Six arrested for $15 million illegal tobacco import linked to gang war

Police have arrested six men, some of whom are allegedly connected to a Middle Eastern crime family, for trying to import 10 million illicit cigarettes into Victoria. The cigarettes, which arrived on a cargo ship from Vietnam on February 3, had an estimated value of $15 million and could have evaded millions of dollars in taxes.

The arrests were the result of a 16-month investigation by the Victorian Joint Organised Crime Taskforce, which comprises officers from Victoria Police, the Australian Federal Police and the Australian Border Force. The taskforce said some of the men worked for freight and transport logistics companies in trusted positions and used their access to internal shipping and transport systems to manipulate data and avoid detection.

Acting Assistant Commissioner Raegan Stewart said the arrests had dismantled an alleged criminal syndicate and their corrupt trusted insiders. “It will be alleged in court that the accused are what we call ‘trusted insiders’. We will allege they had access to internal shipping and transport systems and attempted to use their positions to evade law enforcement protection,” she said. “These arrests are significant.”

Illegal tobacco trade fuels violent conflict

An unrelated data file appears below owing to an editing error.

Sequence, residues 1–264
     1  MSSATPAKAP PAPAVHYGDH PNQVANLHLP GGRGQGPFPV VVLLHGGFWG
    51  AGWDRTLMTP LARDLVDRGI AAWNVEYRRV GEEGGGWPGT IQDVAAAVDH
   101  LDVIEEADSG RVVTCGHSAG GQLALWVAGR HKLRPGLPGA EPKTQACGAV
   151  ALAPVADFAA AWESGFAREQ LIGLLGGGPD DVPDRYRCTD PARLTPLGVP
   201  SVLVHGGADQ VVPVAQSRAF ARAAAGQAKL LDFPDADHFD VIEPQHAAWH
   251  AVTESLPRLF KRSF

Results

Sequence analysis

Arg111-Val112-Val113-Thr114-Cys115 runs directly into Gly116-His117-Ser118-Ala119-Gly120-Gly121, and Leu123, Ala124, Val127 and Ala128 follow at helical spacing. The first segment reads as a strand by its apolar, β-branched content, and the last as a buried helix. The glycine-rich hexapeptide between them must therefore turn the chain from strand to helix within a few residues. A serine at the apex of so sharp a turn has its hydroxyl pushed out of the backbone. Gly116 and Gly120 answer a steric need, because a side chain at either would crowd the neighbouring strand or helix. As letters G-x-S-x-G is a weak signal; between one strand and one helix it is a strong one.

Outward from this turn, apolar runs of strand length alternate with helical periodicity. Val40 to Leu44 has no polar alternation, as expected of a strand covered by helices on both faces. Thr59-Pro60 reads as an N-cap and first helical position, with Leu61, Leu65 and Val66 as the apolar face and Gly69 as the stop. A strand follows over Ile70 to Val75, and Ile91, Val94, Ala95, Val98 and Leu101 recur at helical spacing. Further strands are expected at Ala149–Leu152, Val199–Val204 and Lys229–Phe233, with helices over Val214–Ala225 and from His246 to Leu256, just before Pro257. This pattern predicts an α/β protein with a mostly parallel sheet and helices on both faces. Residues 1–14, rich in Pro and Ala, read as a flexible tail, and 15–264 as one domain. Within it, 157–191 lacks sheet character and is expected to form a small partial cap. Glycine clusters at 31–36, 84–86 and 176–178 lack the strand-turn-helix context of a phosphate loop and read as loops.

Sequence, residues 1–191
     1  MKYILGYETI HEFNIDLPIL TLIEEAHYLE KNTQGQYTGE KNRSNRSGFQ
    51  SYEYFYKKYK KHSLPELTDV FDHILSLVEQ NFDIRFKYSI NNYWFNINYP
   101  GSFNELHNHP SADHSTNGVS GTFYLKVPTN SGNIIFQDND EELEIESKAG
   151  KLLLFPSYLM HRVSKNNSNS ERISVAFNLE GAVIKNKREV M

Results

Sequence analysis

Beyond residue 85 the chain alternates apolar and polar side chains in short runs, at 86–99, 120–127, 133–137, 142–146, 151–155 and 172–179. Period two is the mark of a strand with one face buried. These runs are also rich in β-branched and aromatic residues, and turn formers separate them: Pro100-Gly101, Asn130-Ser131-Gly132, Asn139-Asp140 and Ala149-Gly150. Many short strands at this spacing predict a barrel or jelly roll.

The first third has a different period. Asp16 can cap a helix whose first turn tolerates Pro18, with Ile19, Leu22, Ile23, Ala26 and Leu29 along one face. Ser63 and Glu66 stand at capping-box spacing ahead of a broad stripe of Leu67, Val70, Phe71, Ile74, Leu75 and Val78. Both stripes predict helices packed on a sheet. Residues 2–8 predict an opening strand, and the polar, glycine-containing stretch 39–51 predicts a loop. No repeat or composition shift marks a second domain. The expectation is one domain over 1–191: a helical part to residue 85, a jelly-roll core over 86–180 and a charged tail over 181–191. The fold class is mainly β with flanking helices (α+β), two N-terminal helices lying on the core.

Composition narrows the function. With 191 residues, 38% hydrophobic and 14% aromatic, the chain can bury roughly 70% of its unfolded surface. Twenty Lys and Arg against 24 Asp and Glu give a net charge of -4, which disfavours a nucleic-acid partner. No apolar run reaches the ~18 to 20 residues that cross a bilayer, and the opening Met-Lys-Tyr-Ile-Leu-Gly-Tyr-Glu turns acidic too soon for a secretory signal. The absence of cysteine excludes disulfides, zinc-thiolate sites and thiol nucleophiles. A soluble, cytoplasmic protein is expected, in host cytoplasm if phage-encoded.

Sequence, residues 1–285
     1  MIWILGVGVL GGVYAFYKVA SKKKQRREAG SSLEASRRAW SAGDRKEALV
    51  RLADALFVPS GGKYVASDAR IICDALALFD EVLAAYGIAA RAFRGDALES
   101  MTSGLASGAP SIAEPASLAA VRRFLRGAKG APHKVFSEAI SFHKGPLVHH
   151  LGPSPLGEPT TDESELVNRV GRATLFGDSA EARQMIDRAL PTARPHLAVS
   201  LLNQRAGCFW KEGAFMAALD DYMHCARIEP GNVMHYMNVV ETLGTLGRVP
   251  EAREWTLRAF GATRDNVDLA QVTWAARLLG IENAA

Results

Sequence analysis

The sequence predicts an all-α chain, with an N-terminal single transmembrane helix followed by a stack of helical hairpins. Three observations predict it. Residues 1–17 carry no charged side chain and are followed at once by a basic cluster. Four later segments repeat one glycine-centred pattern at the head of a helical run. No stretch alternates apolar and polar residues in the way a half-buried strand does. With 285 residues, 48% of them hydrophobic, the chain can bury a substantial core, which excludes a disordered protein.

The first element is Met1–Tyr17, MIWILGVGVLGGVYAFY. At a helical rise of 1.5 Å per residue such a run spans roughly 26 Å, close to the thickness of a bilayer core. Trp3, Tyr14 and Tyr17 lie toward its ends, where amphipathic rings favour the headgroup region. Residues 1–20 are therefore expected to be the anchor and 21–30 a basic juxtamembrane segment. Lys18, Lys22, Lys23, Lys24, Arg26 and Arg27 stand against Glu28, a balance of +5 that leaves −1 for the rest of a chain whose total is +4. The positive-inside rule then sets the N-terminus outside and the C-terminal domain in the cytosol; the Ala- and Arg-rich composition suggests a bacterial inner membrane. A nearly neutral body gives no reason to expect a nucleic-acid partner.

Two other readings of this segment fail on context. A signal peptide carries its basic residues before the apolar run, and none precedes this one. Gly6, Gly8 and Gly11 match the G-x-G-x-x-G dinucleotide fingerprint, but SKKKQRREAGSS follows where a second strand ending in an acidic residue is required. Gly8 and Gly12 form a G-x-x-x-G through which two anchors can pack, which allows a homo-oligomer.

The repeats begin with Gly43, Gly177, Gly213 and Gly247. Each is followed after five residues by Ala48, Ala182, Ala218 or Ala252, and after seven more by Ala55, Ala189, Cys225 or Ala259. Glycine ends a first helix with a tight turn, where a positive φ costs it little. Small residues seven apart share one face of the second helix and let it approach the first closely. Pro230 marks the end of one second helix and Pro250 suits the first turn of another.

Police said the group was linked to a Melbourne-based Middle Eastern organised crime syndicate, suspected of being behind a series of illicit tobacco imports into Victoria. Sources said some of the men were allegedly linked to the Haddara crime family, which has controlled the illicit tobacco market for years and is currently involved in a battle for control with an insurgent group led by Iraq-based crime boss Kazem “Kaz” Hamad, whose gang has been linked to two murders and dozens of firebombings.

Victoria Police Commander Paul O’Halloran said the profits from trafficking illegal tobacco funded organised crime and contributed to the conflict now playing out through firebombings throughout the city. The men arrested on Wednesday have not been linked to any firebombing attacks. “The arrests are very important because we know that we need to tackle this particular issue of illicit tobacco that funds and fuels organised crime, transnational crime, international crime, [and crime] down to a state level,” he said. “This leads to, obviously, the recent spate of arson attacks within Victoria that fuels extortion, [and] personal feuds amongst organised criminals, which we are seeing that played out in the streets today.”

Charges and court appearances

The six men faced the Melbourne Magistrates Court on Wednesday and were charged with various offences related to the importation of tobacco products with the intention of defrauding the revenue, which carries a maximum penalty of 10 years’ imprisonment. A Point Cook man, 45, is accused of being the facilitator of the syndicate, while a Fraser Rise man, 35, is accused of using his position in the transport industry to assist the syndicate. Three other men, from Truganina, Altona Meadows and Craigieburn, are accused of being involved in the importation and distribution of illicit tobacco throughout Victoria. A Tarneit man, 40, was charged with alleged proceeds of crime offences and failing to comply with a court order. Their cases have been adjourned until July.

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